What Do Social Media IPOs Mean to Marketers?

Financiers watch for social media initial public offerings, and marketers just use the platforms. There doesn’t seem to be much real (or need) for overlap, right? If you take a closer look at the IPO market, you’ll see the contrary to be true: marketers should be watching social media IPO activity very carefully. How these companies behave while planning for their shot at ringing the opening bell directly affects how you do your job.

There are a number of ways you can use social media IPO news to become a better marketer. Here are a few ideas:

1. Valuation as indicator: there’s a reason why investors are snapping up shares of Facebook on private company exchanges like SecondMarket. Demand provides at least some hint as to longevity. As the implied valuations increase, you get a sense of how important these companies are. If a finance guy sees a reason to spend a lot of money on a company, you should spend some time thinking about how you could use its platform.

2. New features: on the road to an IPO, revenues and profits matter a lot. Companies aiming for successful IPOs will push to grow both metrics aggressively. Often, that means new features designed to increase users, interaction or even direct revenue. Expect new opportunities – with these new features – too reach your target market. Be ready to explore and exploit them quickly. If you need examples, you’ll find plenty on LinkedIn (recently public), Facebook and especially Twitter.

3. Disclosure details: what a company tells investors can be useful to marketers. Read the S-1s that companies file when they announce their IPO plans. The risk factors show information about competitors and future plans. Strategic objectives give you a sense of what’s to come. And don’t forget to take a look at the financials: do you want to bet your company’s future on a platform that won’t last?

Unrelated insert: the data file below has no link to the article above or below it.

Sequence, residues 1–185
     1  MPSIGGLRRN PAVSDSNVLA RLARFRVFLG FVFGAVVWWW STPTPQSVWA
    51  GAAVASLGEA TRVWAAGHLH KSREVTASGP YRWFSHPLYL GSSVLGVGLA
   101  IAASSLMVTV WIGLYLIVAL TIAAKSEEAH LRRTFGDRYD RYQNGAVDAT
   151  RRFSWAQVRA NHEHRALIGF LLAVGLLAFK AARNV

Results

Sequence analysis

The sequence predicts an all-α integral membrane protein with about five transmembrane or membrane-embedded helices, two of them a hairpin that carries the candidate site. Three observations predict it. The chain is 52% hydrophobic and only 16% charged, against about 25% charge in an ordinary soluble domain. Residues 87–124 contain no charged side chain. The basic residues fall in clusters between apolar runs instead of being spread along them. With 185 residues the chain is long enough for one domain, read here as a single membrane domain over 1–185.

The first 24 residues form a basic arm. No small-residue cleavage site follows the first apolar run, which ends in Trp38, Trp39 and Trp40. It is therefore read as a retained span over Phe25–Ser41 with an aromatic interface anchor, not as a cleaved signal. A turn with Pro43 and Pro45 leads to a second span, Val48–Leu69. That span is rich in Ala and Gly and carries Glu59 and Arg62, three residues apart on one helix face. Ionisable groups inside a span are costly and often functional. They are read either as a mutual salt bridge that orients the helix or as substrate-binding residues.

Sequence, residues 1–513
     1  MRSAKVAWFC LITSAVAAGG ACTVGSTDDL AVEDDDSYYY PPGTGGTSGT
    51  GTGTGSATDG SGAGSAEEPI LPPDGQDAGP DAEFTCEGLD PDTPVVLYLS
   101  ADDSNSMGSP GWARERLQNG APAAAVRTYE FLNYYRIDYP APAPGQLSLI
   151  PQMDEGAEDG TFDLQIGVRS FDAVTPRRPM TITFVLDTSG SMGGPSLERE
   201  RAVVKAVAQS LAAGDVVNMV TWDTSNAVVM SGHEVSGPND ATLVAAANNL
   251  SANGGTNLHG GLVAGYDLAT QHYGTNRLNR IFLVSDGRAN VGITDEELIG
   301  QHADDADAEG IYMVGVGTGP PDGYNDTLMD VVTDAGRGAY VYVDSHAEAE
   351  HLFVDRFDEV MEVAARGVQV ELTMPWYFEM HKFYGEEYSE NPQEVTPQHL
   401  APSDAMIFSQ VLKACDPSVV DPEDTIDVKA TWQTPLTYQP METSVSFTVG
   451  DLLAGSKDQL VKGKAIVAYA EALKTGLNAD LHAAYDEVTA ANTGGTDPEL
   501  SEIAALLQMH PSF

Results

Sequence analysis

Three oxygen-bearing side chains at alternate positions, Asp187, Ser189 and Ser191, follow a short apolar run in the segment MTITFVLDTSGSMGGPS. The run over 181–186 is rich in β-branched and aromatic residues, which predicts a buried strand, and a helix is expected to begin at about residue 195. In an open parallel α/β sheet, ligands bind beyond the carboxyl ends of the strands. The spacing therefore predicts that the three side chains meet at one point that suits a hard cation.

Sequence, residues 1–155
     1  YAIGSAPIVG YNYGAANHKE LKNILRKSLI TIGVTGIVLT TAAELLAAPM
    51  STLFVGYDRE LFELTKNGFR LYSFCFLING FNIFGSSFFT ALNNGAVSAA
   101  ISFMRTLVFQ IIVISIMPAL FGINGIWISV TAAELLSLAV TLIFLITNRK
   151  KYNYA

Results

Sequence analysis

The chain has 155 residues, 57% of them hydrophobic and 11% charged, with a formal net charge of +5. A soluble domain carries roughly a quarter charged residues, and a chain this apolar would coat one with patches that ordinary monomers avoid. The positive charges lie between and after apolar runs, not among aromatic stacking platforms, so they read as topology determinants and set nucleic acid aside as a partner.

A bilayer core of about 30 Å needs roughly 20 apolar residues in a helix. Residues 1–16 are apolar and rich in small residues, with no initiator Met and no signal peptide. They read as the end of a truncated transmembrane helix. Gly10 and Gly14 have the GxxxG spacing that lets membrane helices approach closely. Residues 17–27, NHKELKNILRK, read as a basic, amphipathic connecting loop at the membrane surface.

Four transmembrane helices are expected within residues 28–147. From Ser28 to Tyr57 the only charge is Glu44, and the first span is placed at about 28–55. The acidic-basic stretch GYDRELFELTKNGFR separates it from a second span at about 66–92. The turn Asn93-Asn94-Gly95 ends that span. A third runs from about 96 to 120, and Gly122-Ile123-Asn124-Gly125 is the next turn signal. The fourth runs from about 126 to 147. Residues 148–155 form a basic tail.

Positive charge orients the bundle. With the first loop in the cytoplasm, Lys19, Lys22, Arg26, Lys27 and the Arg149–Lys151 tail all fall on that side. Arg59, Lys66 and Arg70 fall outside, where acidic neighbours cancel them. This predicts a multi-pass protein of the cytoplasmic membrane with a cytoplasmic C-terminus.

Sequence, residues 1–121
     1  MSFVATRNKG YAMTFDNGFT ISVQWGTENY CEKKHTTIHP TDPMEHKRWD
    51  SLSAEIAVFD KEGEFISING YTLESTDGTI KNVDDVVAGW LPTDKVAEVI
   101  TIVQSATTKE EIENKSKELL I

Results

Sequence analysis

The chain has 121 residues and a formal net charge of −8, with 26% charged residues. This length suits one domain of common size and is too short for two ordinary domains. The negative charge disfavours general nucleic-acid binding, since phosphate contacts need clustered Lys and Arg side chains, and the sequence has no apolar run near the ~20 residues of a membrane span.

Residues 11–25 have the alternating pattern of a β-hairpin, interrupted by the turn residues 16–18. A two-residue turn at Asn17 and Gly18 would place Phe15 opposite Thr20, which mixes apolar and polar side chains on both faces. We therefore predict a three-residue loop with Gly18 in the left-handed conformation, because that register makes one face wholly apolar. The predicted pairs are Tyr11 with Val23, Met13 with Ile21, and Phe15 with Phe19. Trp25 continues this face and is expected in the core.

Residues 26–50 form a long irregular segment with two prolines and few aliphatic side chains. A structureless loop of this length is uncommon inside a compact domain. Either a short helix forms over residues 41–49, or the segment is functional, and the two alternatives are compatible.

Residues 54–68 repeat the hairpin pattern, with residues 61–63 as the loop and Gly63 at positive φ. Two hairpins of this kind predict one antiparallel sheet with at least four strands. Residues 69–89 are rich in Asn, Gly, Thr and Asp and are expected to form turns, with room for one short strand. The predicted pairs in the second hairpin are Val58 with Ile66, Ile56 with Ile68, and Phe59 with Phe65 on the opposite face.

4. Merger-mania: whether it’s acquiring or acqhiring, some social media companies are growing this way. Such moves help them gain market share and new products/features, and they can use M&A to eliminate competition. All of this changes the tools available to marketers.

5. Changes in everything: going public (or even planning to do so) changes a company. Internal controls and discipline become more important. New product launches tend to be a bit less haphazard. Business interactions become more formal. Marketers may need to adjust to changing relationships – both in terms of how the relationships are conducted and with whom.

So, you can see how much food for thought there is here. IPOs aren’t just for the financial folks – you need to be ready for them too. Over the next few years, some social media platforms will disappear. Others will look nothing like their current iterations. Financial markets are trying to tell us a lot about what’s around the corner; we just need to be ready to listen.

How do you stand on this? Are you going to start paying attention to the tech IPO market now? Just curious. Leave a comment and let me know!

 

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